Courage Is an Important Theme in to Kill a Mockingbird Essay

2766 Words Dec 20th, 2010 12 Pages
Courage is an important theme in to kill a mockingbird

In To Kill Mockingbird courage is presented to us as a desirable quality. Harper Lee suggests that there is some misunderstanding as to what real courage in the community of Maycomb actually is. Many aspects of courage are shown in To Kill a Mockingbird. There are examples of physical courage, such as Atticus facing the rabid dog. There is also moral courage, an example of this would be when Atticus takes on Tom Robinson’s case and he sticks to his principles, even though he knows that he can’t win. Scout shows this kind of courage when she doesn’t fight back when people criticise Atticus. Atticus sees Mrs Dubose as a strong example of someone with courage and he calls her the
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Atticus couldn’t care less that all Aunt Alexandra saw important was raising girls to become pretty, hardworking wives. What concerns Alexandra the most, is other people’s opinion about her and her family. Atticus has the courage to raise his children as he likes because he always stands up for what he believes.
Another example of Atticus’ strength to stand up for his beliefs is in the way he treats Calpurnia. Atticus treats Calpurnia with the same respect that he treats everyone else, respect that doesn’t exist anywhere else within the community. He believes that everyone deserves the same treatment and is able to look at people with a colourblind attitude. Atticus does not mind that Calpurnia brought Jem and Scout to the coloured church, and he accepts Calpurnia as a part of the family. He teaches his children not to discriminate blacks, and that all people are equal. This shows that Atticus has the courage to look past colour even in a very racist community because he stands up for what he believes.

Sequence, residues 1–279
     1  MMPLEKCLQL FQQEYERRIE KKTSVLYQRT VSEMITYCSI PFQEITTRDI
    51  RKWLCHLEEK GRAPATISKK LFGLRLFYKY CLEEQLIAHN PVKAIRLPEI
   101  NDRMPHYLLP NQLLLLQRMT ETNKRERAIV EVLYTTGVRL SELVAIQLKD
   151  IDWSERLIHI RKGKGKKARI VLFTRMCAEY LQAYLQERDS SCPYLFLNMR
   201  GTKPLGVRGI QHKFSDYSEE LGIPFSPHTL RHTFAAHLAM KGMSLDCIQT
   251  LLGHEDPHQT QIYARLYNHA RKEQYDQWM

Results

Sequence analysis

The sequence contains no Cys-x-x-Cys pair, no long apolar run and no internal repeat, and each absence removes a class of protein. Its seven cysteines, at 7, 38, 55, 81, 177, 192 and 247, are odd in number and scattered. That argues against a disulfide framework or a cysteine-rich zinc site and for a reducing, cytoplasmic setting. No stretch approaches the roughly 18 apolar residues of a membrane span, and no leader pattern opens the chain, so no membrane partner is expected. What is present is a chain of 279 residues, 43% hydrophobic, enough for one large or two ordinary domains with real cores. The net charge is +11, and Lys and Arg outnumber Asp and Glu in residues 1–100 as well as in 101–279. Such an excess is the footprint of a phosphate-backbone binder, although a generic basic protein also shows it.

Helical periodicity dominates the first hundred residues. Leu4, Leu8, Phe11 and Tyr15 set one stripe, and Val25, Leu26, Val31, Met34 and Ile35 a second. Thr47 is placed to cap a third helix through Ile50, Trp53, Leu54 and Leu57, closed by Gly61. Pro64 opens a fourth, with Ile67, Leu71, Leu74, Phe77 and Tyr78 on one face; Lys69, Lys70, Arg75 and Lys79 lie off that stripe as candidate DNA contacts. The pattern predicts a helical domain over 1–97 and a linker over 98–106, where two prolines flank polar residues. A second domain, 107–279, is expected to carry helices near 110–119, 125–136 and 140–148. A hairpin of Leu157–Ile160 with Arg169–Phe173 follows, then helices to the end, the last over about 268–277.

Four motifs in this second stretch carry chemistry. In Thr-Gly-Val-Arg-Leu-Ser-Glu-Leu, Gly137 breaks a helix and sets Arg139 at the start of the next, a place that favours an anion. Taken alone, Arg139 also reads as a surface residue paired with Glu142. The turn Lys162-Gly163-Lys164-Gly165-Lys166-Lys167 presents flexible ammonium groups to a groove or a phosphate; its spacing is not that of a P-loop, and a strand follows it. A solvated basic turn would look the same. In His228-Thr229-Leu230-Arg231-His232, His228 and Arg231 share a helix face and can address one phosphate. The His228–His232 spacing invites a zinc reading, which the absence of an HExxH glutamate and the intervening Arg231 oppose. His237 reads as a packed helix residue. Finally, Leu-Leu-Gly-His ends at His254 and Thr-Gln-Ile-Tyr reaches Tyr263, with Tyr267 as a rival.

The largest and most important example of this type of courage (standing up for what you believe) would be the Trial of Tom Robinson. When Atticus took the case, he went against Maycomb, a generally prejudiced town, in order to defend Tom. He understood that taking the case would leave him ridiculed and that no one would forgive him for believing a black man's word rather than a white man's. Even his own

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